STU professor creates project to bring together 2SLGBTQIA+ community

Erin Fredericks, a St. Thomas University sociology professor, is coordinating a program to connect queer youth of New Brunswick with older members of the community. (Submitted: St. Thomas University)

Erin Fredericks, a St. Thomas University sociology professor, is coordinating a program to connect queer youth of New Brunswick with older members of the community and give them the opportunity to learn from them, especially during these times of isolation.

The project will pair elderly members of the queer community with younger members to share experiences and what they had to fight for, showing the generational gaps and encouraging respect.

“The folks who would be the older members of this study, they did so much activism to make it possible for young people today to create new ideas about gender and sexuality,” said Fredericks. 

“We wanted to come up with a creative way of using community knowledge and wisdom to support their health.”

Fredericks proposed the project in the fall and said that the 2SLGBTQIA+ community is deeply affected by COVID-19 restrictions because most of the support that people access is outside of their homes. It prevents people who haven’t come out yet from having a safe support system. 

The project is important to Fredericks because the youth who will take part in the project are from her community. She hopes the research that comes out of it will be able to make a positive change.

Different workshops and research will take place during the spring and summer. The program will go for its first trial run in local schools in the fall and after revision, it will be officially launched for the public in December of this year. 

“We need to see queerness as a source of knowledge and wisdom,” said Fredericks.

Aaron Beaumont, a fourth-year STU student, is working alongside Fredericks on this project. 

“I think that this study is so important, and I’m really honoured to be working as a part of the research team,” said Beaumont. “As a queer and trans person myself, I can only imagine the impact that the results of this study would’ve had on me as a younger queer person,” they said.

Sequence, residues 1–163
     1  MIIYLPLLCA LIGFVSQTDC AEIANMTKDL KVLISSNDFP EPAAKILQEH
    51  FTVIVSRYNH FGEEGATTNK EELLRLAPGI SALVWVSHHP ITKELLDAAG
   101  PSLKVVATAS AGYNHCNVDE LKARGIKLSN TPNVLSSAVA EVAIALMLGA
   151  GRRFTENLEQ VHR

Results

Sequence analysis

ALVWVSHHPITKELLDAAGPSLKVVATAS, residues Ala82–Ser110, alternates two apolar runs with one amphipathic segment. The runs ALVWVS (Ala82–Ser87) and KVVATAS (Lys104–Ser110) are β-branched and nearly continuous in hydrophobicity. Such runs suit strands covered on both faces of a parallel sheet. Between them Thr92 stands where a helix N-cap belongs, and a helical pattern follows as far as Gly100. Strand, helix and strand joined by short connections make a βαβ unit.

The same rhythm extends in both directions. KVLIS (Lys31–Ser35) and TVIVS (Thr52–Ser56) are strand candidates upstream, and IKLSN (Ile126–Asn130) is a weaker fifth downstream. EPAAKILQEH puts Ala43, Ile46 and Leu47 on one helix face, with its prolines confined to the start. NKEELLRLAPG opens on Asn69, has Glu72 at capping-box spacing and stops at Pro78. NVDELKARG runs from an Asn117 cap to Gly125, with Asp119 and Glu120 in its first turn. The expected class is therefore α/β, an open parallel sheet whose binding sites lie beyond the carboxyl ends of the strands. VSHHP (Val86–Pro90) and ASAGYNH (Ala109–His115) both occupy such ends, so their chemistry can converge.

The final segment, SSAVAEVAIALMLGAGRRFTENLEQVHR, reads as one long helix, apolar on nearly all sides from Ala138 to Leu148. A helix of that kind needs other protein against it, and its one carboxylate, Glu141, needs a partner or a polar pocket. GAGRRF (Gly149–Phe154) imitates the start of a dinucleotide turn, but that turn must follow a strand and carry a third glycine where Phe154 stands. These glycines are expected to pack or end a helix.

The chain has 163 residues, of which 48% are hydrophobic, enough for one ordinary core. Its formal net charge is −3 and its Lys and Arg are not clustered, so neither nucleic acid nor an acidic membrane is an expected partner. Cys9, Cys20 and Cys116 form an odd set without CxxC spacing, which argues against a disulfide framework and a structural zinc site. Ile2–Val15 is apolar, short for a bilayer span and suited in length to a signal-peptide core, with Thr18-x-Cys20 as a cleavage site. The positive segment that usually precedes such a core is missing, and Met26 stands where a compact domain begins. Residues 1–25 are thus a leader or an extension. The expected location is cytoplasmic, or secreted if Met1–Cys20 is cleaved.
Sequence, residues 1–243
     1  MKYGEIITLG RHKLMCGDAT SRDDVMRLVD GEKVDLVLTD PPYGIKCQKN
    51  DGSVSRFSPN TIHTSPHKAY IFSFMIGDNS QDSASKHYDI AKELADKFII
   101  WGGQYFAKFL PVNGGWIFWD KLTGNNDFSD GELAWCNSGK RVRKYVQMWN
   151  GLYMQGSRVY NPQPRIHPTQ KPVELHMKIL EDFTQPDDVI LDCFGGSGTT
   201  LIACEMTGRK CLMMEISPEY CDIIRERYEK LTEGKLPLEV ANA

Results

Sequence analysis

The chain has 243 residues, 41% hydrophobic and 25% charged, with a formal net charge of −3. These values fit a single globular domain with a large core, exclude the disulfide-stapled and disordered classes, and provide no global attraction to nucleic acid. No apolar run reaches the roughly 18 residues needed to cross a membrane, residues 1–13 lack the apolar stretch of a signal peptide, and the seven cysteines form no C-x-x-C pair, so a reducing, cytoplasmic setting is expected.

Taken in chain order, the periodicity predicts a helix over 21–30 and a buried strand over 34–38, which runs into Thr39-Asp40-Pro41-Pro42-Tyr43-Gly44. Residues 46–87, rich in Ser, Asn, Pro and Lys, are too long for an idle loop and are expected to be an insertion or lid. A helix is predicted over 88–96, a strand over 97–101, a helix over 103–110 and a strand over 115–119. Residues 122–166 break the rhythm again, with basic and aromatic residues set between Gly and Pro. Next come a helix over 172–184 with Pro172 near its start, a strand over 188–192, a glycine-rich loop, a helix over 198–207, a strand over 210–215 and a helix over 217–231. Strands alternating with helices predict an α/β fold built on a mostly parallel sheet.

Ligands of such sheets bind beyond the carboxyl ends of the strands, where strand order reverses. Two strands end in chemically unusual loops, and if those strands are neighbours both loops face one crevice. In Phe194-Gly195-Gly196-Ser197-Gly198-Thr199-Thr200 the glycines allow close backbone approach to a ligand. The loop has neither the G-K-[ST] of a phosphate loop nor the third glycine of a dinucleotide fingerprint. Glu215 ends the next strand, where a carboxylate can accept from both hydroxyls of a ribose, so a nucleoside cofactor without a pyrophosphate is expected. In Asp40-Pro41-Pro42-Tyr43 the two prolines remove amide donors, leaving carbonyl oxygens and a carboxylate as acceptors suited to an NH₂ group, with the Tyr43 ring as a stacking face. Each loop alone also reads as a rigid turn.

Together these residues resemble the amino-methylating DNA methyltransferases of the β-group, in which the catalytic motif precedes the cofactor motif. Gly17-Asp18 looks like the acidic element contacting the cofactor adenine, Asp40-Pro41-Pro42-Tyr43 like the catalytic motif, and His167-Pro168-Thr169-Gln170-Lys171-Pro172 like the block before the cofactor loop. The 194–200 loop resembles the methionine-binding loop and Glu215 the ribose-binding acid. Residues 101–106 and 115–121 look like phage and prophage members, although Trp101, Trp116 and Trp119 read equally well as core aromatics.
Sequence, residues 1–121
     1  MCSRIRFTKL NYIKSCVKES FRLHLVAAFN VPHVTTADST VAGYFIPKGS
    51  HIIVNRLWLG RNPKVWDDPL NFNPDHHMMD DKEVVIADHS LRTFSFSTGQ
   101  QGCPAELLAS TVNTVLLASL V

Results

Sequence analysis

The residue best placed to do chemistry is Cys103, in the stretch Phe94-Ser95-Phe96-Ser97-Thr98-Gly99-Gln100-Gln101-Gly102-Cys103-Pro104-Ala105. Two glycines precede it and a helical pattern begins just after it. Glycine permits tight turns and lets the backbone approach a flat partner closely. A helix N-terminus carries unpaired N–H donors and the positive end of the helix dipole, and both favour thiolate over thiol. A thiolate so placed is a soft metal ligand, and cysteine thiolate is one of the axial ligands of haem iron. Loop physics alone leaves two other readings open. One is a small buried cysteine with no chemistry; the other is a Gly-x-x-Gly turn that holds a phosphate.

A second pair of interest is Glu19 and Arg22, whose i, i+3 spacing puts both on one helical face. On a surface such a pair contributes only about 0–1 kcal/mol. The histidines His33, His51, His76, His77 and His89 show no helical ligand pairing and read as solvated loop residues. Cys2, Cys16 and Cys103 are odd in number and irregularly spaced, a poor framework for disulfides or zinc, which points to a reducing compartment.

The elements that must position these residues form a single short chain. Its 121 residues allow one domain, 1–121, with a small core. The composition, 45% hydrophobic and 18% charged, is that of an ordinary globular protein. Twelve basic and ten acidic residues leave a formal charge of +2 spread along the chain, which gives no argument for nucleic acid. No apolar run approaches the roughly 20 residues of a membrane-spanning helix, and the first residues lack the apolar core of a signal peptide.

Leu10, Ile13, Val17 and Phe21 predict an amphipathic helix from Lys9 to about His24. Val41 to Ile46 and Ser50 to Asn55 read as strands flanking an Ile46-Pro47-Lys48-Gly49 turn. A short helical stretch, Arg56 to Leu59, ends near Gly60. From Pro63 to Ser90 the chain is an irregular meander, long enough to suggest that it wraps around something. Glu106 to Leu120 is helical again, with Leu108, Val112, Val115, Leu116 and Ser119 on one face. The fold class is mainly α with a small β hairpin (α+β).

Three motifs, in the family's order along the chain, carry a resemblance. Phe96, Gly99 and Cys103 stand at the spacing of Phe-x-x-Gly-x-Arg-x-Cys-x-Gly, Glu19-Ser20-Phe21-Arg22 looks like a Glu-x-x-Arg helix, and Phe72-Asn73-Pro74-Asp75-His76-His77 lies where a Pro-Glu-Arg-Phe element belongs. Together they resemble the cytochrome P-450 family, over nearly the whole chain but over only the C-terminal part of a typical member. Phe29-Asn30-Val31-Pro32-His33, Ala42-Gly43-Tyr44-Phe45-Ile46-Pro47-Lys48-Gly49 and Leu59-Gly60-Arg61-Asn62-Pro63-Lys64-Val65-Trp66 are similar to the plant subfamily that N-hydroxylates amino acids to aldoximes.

Beaumont has experience as a research assistant and is now the head of the project’s research team who is working directly with the community. 

“This study reminds me [of] the importance of community care and it shows me that we can show up for our community and we know best what the community needs,” said Beaumont.  

Fredericks said that N.B. needs better youth mental health services and that they need to be created in ways that are accessible and appropriate for 2SLGBTQIA+ youth. Though some programs have been implemented in schools, like the Gay-Straight Alliance, there is still more to be made for the curriculum to be fully inclusive.

“Mental health and education are the biggest two things that need to be changed, or need to keep changing,” said Fredericks.

Fredericks and her team, which is made up of members of the 2SLGBTQ+ community, are partnering up with different organizations such as Partners for Youth, AIDS New Brunswick, Imprint Youth Association and the Canadian Mental Health Association in Fredericton for this project. 

“The way queer people care for each other is unique and valuable. And that as queer people one day, they will be elders, and they’ll have a lot to offer the next generation.

The project also aims to be an accessible support group for queer youth and help alleviate overwhelming feelings and stress that come from governmental mental health services by learning from the elders that had gone through similar things, said Beaumont.

“I rely a lot on my community and this handful of queer and trans people that I’m really close to, but in terms of maneuvering through governmental services, it’s a long, tedious, complicated process and it’s expensive and it’s just unnecessary. It’s very frustrating,” said Beaumont.  

Beaumont said they think the project will bring change to areas of N.B where services can be limited.

“I hope that queer youth learn that the future is possible. I think it will provide a sense of hope and resiliency to show queer youth that they can get through it, that they can have a future” said Beaumont.